Today, I was looking for a book written by a local pastor to give to a friend as a gift. I looked in a bookstore, and then remembered there was a Christian bookstore down the street and decided to go there. As, is often the case, I was disappointed in the Christian store.
I think Christian stores in America demonstrate a lot of the problems in the church today. Many of the people that have written articles about this seem to focus on the company marking up their goods and making a profit. They are a business in a capitalist society. I have no issue with a company making a profit.
My problems lie with the things in the stores. Walk in to almost any Christian store and look at the store as if you were an outside observer. The first thing you is is a ton of trinkets with bookshelves in the back. There may or may not be a music area but there is almost always a “Children’s Education” area and a clothing area.
Now you have looked at the overall with your “observer’s eyes”. Now, look at the specifics:
Let’s start with the front of the store trinkets. Look at every item that mocks the faith. There are hundreds. I wish I were making the names of these products up. From “TestaMints” (Breath Mints), a “SinEraser” (Rubber eraser), or even “Salvation Chocolates” (chocolate candies with verses on them). The first question that should come into your mind should be, “Is it really a “Christian” store if it is openly mocking the faith?” If the only difference between the Christian store and a novelty store like Spencer’s is the shape of the packaging (more cross, less genitalia), then I don’t really consider it a “Christian” store.
There are 66 books in the Bible. Granted, some of the verses are not very inspiring. There are a lot of laws and a lot of “begat-ing” . There are still hundreds and thousands of inspiring verses. Now look at the artwork. Hundreds or thousands of verses to choose from and most stores have maybe twenty different verses on different artwork. Most of the artwork doesn’t even make sense. For example, a coffee cup had the words “Strength-but for me and my house, we will serve the Lord”. (It helped that the cup was made in China). I would associate that particular verse with family or possibly trust, but not necessarily “Strength”. Others may disagree, but I still thought it was weird. The same twenty verses in different formats, on different articles. And that is it.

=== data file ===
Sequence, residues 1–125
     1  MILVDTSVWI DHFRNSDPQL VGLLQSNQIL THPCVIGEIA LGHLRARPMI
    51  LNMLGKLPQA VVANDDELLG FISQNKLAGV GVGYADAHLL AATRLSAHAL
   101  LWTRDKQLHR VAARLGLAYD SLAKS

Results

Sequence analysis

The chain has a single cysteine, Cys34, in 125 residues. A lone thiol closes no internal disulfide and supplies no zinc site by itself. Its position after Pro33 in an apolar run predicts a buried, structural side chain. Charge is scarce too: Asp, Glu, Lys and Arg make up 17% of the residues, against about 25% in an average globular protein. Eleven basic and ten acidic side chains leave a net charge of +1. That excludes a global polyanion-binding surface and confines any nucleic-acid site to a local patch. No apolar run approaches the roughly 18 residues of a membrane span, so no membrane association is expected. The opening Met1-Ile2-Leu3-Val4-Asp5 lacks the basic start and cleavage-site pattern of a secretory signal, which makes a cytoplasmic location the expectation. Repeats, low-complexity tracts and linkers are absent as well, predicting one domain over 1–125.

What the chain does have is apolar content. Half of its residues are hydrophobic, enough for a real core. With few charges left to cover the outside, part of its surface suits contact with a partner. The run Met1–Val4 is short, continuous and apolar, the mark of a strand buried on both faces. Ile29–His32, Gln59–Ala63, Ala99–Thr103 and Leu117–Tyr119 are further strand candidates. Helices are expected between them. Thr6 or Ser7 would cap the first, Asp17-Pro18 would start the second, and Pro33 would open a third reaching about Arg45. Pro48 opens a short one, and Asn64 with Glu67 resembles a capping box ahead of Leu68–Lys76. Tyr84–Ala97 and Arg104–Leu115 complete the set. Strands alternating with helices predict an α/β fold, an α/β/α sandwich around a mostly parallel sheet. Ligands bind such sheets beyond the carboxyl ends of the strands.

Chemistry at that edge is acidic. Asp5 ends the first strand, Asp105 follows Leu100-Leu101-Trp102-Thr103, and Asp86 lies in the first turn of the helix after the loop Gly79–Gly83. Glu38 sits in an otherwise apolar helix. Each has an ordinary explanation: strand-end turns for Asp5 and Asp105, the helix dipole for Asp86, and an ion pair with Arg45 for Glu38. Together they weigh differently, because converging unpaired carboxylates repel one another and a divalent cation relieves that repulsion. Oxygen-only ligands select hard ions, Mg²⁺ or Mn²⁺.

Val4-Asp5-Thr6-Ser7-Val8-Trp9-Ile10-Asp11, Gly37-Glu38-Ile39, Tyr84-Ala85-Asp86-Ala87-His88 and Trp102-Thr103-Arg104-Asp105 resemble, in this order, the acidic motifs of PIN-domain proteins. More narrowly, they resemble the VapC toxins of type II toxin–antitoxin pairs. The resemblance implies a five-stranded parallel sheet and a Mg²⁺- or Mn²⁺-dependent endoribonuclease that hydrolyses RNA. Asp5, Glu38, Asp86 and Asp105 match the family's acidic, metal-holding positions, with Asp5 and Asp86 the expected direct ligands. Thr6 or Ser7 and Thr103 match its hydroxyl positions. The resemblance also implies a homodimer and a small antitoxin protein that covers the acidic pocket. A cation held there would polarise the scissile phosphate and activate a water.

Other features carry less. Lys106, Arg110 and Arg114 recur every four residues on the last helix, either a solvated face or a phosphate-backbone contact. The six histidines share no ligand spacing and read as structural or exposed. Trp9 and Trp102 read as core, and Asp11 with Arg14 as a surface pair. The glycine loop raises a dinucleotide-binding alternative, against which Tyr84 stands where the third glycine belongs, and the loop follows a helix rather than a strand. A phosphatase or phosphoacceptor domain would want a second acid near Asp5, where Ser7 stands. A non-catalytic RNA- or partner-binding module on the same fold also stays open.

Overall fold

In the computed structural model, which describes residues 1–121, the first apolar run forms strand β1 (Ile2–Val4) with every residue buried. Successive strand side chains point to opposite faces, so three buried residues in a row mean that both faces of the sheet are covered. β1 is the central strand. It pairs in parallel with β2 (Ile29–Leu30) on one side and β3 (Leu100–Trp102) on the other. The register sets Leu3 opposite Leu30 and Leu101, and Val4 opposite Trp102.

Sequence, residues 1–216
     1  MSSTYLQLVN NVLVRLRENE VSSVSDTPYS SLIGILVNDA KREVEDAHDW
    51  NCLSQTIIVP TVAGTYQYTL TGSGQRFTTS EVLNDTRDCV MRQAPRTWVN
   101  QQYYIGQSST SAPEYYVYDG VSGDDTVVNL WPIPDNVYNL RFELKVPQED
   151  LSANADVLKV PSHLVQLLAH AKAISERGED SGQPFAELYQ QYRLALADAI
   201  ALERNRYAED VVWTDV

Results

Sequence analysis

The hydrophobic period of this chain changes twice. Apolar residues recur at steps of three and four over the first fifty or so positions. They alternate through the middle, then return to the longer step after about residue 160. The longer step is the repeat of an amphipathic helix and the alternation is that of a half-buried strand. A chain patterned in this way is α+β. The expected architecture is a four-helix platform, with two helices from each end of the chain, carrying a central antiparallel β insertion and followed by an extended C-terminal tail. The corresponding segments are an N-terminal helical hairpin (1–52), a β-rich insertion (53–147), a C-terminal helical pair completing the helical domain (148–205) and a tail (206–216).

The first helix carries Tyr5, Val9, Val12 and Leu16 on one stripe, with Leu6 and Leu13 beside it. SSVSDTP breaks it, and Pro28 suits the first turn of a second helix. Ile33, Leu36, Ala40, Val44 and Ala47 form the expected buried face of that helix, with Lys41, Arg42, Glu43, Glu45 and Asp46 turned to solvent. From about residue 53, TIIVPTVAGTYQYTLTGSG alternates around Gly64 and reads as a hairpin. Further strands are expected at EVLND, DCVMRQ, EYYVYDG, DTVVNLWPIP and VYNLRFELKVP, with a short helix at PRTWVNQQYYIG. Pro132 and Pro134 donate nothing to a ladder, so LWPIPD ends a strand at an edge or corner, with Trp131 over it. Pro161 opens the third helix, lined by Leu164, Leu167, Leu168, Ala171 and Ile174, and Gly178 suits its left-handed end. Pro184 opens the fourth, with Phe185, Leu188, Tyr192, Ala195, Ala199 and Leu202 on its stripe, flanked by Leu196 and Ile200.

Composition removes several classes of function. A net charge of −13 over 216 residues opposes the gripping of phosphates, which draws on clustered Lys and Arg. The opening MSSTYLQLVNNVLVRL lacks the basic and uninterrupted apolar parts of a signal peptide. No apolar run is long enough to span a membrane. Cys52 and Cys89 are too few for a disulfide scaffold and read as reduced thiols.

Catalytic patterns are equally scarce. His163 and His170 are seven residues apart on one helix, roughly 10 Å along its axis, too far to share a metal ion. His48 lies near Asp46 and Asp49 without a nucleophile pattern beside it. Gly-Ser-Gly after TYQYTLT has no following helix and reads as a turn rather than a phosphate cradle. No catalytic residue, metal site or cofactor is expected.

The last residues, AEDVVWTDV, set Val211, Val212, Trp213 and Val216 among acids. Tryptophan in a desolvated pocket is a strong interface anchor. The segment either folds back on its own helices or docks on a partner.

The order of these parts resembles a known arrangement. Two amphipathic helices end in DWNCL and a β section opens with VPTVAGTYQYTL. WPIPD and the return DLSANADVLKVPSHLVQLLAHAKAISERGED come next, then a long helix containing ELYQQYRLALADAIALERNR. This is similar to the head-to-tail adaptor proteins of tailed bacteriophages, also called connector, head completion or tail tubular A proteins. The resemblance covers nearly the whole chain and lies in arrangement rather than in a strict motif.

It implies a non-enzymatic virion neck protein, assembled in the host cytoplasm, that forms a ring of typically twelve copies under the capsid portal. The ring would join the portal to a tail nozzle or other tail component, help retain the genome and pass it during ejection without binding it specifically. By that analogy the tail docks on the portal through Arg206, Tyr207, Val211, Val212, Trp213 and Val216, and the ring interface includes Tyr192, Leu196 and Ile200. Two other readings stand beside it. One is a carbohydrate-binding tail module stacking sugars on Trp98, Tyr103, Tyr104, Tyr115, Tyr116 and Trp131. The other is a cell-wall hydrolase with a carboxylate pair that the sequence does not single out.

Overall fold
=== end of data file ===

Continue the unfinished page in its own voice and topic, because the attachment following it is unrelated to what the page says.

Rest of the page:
Now we walk back to the clothing and we get nearer to my big problems with the stuff. Remember when Christians were some of the most imaginative and inspired artists in the world? Well, neither do I. Rome has a lot of examples of artistic innovation and with just a little effort, we can see some other examples. These days, the height of innovation seems to be taking other people’s artwork and putting a cross on it. For example, today I saw a Captain America shirt in the Christian store. I thought, “Well that is strange, a Captain America shirt in a Christian store”. When I got closer, I saw that instead of a star in the middle, there was a cross and some pithy statement. The questions that should enter your head at the moment you see things like this should be “Is this the best Christians can do?” or (more importantly) “How does wearing a modified corporate logo a)declare your faith or b)witness to others?” One of the other problems in the art area are the plethora of American Flag/Patriotic symbols. When people in other countries see this as an example, they are justifiably horrified. It is as if Americans are saying “God’s word only applies to Americans”. Americans are very patriotic as a culture. The problem is, most people are only members of their country because they were born in said country. To ignore the simple verse in John, “God loved the world” and say that verses apply only to a specific country is (and should be) insulting.
Now, we get to the big problem area. The books. Go to the books and look for deeply researched books or anything with controversial subject matter (for example, Baptism for or against). You may find one, but you probably won’t find any. What you will find are many biographies and books written by some evangelists. I am not discounting books by Billy Graham or the like. Most of their books fall under the “Inspirational category” and don’t delve in depth into the Bible. It is as if the very idea of in depth study of the Bible should be limited to famous people. (Personal note: I rarely find a sports star to be an in depth and detailed author and I usually question their faith more when they are trying to sell a book for forty dollars.)
After a few minutes of looking at this stuff, I start to get a sick feeling in my stomach. A song by a band Atomic Opera always goes through my head. I know, you have never heard of Atomic Opera. That is ok. The basic gist of the song is that you can tell someone is a Christian because they have a chrome fish on their car, a cross bumper sticker, or a Christian T-shirt. The song basically says “You can tell I am a Christian by my Jesus junk”.
After seeing all the Jesus junk in the Christian store today, I think most Christians should avoid them. I don’t really want a bunch of people to lose their jobs. (The one clerk who told me I wouldn’t be able to figure out how to get a book shipped to my house by myself can lose hers). I would rather buy from a secular website than encourage the behavior that I saw today.
Granted, I don’t really consider myself a great Christian. I can count on zero fingers the number of people that I have helped come to Christ. I just don’t think that the way to convert people to Christ is through deceptive art, pithy statements, or a cross symbol. Does that chrome fish on your car say that you are a Christian or do your actions?